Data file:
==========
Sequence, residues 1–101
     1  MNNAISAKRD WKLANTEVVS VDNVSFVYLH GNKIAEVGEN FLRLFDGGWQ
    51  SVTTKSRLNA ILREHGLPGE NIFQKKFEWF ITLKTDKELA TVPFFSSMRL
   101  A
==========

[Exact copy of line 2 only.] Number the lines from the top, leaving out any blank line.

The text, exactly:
     1  MNNAISAKRD WKLANTEVVS VDNVSFVYLH GNKIAEVGEN FLRLFDGGWQ